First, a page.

Where do you want to fly?

Director Phillip Noyce and actor Michael Caine on the set of The Quiet American, which will screen during the DC Independent Film Festival (3/1-3/10). Photograph courtesy DCIFF.

THURSDAY, FEBRUARY 28

DANCE The Washington Ballet’s production of The Sleeping Beauty tells the fairy tale of Princess Aurora and the timeless battle of good against evil—sealed with a true love’s kiss—against the music of Tchaikovsky. Through March 3 at the Kennedy Center’s Eisenhower Theatre. $25-$160.

BOOKS Cookbook author Najmieh Batmanglij spent three years traveling through her homeland of Iran to source her newest book, Cooking in Iran: Regional Recipes and Kitchen Secrets. In addition to over 250 recipes, her book includes photos of the region and stories of local traditions. Batmanglij will speak about her recipes and her travels at Politics & Prose at Union Market. Free, 7 PM.

FRIDAY, MARCH 1

FILM The DC Independent Film Festival (DCIFF) is celebrating its 20th anniversary this year, continuing to showcase independent films in multiple genres while hosting seminars and workshops as well. This year’s schedule highlights Australian director Phillip Noyce, who is holding a master class on 3/2. Three of his films will screen throughout opening weekend; screenings will also include discussions with Noyce. The festival continues through March 10. All-access pass: $210; individual films: $9-16.

MUSEUMS The National Museum of the American Indian is celebrating Women’s History Month with The REDress Project by Jamie Black. This haunting outdoor installation of red dresses highlights missing or murdered Indigenous women. Through March 31.

THEATRE JQA takes on the complicated life of John Quincy Adams, the sixth president. Adams is recognized more for his political career outside of his single-term presidency—he was Secretary of State beforehand and became a congressman after. The play, written by Aaron Posner (Stupid F**king Bird), imagines confrontations between JQA and other political figures during his lengthy career, such as George Washington, his father John Adams, and his rival Andrew Jackson. In this world premiere at Arena Stage, each member of the four-person cast will take on the character of JQA and other historical figures at various times. Through April 14. $92-$115.

MUSEUMS The National Geographic Museum’s Queens of Egypt exhibit presents over 300 ancient Egyptian artifacts that help capture the lives of seven different Egyptian queens (such as Hatshepsut and Nefertiti). There’s also a 3-D virtual tour of one of the most well-preserved tombs in the Valley of the Queens. Through September 2. $15.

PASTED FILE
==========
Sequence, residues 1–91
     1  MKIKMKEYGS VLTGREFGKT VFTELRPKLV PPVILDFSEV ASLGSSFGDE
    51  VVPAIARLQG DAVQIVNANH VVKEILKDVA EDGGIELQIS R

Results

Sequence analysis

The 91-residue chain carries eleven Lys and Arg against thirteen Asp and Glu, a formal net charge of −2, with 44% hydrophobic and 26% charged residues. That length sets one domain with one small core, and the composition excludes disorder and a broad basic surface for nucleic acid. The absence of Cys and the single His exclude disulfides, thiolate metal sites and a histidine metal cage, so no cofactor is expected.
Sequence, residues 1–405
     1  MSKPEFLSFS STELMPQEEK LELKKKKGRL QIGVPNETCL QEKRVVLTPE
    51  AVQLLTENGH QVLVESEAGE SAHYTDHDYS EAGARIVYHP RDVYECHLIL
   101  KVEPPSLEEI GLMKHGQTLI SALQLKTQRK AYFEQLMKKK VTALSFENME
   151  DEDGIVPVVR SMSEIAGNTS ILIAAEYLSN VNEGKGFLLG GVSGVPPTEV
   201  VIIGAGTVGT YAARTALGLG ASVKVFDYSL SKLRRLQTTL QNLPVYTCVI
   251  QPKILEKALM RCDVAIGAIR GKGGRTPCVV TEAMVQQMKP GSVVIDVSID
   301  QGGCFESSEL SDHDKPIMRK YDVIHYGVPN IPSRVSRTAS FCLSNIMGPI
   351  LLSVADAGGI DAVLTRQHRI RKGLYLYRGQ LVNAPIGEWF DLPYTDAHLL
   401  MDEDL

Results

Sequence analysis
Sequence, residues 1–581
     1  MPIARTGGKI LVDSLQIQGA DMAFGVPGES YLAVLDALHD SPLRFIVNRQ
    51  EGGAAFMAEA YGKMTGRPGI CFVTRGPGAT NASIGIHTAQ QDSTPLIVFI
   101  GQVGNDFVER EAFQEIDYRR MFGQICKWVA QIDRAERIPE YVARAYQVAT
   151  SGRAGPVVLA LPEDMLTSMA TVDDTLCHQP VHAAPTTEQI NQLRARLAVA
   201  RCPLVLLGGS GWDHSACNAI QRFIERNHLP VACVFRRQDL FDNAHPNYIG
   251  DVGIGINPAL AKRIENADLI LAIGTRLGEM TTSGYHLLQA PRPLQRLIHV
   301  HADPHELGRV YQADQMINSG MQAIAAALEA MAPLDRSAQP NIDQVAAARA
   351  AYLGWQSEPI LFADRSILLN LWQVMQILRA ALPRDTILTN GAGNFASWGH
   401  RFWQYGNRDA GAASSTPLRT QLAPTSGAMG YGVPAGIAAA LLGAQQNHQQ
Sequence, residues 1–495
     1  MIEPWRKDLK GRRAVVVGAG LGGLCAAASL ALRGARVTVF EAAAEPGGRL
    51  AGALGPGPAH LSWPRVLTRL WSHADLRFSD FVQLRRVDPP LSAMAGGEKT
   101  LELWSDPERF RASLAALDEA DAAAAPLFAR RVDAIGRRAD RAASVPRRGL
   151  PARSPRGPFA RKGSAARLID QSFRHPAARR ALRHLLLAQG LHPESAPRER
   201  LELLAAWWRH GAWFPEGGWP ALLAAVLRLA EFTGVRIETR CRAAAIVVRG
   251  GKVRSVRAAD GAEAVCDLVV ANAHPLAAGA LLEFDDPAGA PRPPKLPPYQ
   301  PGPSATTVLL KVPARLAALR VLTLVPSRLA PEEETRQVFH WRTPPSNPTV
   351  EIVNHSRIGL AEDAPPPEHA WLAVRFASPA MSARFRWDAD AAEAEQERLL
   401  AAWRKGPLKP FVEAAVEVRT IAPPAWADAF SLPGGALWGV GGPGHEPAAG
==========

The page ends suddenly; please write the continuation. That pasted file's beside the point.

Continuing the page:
SATURDAY, MARCH 2

CELEBRATION Mardi Gras is officially next Tuesday (3/5), but you can celebrate early at The Wharf’s Mardi Gras party. The event features activities and crafts for kids and a parade at 3 PM that will include the Eastern High School Marching Band, stilt walkers, and the Washington Nationals Presidents. The evening will conclude with fireworks at 5:45 PM. Free, 2 PM – 6 PM.

PARADE Old Town Alexandria is also ahead-of-the-curve with its St. Patrick’s Day Parade coming a couple weeks before the holiday, which might be for the best as no one is sick of green beer quite yet. The event features over 2,000 participants, from pipe-and-drum bands and Irish dancers to dog rescue groups and historical re-enactors. The event starts at Market Square with a Fun Dog Show of costumed doggos to benefit the Animal Welfare League of Alexandria (11 AM to 12 PM). The parade kicks off at 12:30 PM at King and Alfred Streets. Free.

BENEFIT Try craft beer for a good cause at the DC Brewer’s Ball at the National Building Museum benefitting the DC chapter of the Cystic Fibrosis (CF) Foundation. The event features over 40 breweries (such as Old Ox, Port City, and Brookeville Beer Farm); beers will be paired with food from 30 different restaurants, including Ambar and Ivy City Smokehouse. $150, 7 PM.

SUNDAY, MARCH 3

MUSEUMS Art/technology collective USCO (or “The Company of Us”) used lasers, projections, and music in performances in the 1960s; famously, the group collaborated with Timothy Leary on a 1965 performance Psychedelic Explorations that tried to recreate the LSD experience. USCO co-founders Michael Callahan and Gerd Stern will speak about their work at the National Gallery of Art; the two will also perform a rare live collaboration (using their original equipment!) and screen films of some of their past performances. Free, 2 PM.

THEATRE/KIDS Strathmore hosts the new original musical American Girl Live, where five campers take wisdom and advice from the various American Girl dolls they’ve brought with them. Musical numbers reflect each girl’s historical era. $30-$76, 2 PM & 6:30 PM.

Catherine P. Lewis